"Josh." For an awful moment, Corey blanked, eyes wide as he tried to place the name. He knew a Josh... he definitely knew a Josh... "Oh, Josh Green!"


"Nice to hear from you." Corey was rubbing his forehead as memories flooded back to him. Josh had been on the basketball team at Underwood College with Corey. Images of a spry young squirrel swam into his mind. Corey remembered playing alongside him quite a bit; the squirrel had been a forward as well. "Er, what have you been up to?"

"I'm just finishing up at UDub." There was an awkward moment of silence, and then Josh said, "Actually, I'm declaring for the FBA draft this year."

Something sounded odd about that, but Corey couldn't place it. The dog realized he hadn't responded, and stammered out, "Oh, that's great! I, uh... Sorry, I'm getting my years mixed up here. I thought you were only a year behind me."

On the other end, Josh cleared his throat. "I, uh, was."

Corey was confused for a long few seconds, going over the numbers in his head. Josh had only been a year younger than Corey... and Corey had declared for the draft in his fourth year, which had been two years ago... That would mean that Josh was in his fifth yea--

"Oh." Right. Suddenly Corey remembered. Josh.

He'd been brilliant. Fast and agile like only a squirrel could be. Corey remembered watching Josh dart across the court countless times, dodging past defenders before they could react. Josh had known how good he was, too. He celebrated shamelessly after scoring points or winning games with bravado that Corey had envied. At that time, Corey had had trouble even stepping onto the court without having a panic attack.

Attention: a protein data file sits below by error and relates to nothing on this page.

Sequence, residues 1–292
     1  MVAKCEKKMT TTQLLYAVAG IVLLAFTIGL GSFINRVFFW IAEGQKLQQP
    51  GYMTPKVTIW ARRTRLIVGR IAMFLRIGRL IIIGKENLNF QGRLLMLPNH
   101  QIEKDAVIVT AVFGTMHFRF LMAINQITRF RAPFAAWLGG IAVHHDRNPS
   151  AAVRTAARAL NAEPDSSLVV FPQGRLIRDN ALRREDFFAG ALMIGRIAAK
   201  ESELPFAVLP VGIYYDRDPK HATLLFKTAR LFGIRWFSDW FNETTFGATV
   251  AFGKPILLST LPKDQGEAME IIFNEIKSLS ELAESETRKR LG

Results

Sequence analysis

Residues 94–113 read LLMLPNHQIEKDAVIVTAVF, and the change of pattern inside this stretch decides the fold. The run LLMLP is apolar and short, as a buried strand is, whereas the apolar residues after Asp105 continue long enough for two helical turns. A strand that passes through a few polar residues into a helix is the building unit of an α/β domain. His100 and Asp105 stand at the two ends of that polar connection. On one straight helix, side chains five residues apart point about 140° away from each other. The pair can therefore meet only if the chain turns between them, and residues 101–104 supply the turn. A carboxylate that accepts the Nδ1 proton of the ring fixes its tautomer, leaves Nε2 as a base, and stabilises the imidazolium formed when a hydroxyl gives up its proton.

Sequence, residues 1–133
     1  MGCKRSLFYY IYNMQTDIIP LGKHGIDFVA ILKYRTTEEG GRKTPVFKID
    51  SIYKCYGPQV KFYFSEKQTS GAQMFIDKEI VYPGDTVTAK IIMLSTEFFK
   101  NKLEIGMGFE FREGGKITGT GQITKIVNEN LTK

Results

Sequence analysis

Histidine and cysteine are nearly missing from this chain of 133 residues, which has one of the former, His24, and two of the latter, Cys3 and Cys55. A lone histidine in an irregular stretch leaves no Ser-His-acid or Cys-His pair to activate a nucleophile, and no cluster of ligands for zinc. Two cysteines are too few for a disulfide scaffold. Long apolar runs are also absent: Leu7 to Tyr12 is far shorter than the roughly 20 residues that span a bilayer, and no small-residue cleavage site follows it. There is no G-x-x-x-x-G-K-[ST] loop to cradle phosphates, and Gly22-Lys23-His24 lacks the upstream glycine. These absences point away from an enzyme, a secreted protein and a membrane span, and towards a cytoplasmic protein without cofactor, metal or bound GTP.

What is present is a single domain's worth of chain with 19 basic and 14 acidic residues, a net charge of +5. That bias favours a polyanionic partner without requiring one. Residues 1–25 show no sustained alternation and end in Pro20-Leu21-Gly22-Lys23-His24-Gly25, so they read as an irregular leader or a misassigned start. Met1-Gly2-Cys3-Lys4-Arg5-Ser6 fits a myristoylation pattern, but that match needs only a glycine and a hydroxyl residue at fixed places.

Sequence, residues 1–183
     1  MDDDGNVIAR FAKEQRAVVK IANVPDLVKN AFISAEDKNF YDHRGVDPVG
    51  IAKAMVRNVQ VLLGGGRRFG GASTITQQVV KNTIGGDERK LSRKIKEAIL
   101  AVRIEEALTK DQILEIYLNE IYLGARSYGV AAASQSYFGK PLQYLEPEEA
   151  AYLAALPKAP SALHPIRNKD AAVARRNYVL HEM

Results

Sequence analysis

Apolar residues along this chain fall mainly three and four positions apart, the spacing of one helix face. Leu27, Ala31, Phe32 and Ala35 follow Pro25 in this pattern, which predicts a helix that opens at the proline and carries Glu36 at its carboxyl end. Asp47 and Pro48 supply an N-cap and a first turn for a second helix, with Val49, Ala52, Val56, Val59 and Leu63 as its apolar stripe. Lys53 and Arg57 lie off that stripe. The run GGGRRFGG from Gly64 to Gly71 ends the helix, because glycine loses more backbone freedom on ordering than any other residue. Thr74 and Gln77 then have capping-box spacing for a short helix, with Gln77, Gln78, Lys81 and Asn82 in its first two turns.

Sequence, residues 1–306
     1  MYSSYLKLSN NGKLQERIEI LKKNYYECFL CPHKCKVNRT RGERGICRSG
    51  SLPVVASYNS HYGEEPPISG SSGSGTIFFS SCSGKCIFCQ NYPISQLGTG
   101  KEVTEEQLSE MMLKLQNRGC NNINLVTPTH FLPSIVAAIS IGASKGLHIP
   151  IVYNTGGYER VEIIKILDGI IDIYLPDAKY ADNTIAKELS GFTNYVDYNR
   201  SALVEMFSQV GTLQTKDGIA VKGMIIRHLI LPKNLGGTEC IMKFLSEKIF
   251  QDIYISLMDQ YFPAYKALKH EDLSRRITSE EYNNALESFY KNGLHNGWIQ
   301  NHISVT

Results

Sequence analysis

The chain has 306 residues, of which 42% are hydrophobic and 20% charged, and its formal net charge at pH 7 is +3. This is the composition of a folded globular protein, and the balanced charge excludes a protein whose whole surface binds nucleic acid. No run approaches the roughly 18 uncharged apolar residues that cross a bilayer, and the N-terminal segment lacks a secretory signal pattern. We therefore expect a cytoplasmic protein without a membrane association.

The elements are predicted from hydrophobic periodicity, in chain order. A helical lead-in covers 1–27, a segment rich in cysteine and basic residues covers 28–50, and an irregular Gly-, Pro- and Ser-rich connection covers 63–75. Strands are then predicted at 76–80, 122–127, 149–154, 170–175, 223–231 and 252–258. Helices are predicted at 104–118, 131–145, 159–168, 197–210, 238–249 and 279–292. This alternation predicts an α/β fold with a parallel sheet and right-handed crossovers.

Then... what had happened? During Corey's third year, Josh had announced he was declaring for the draft. Then, he just... disappeared. Stopped showing up for games, stopped going to class for the rest of the semester. When he came back the next school year, he was like a completely different person; quiet and reserved.

"Right, sorry," Corey muttered, shaking his head. "I'm always a bit scatterbrained after a game."

"It's alright, I know you've had a lot to think about the past couple years." There was another uncomfortable moment of silence, and then Josh said, "Actually, I kind of wanted to talk to you about that."

"The past couple years?"

"No, uh... why I'm only just finishing up here."

"Oh." Corey hesitated, then said, "You don't have to if you don't want to."

"No, uh, I feel like I should." Josh cleared his throat again, and then said, "You know when I said I was going to declare for the draft in second year?"

"Yeah. Everybody was really excited for you." Corey hesitated before asking, "What happened?"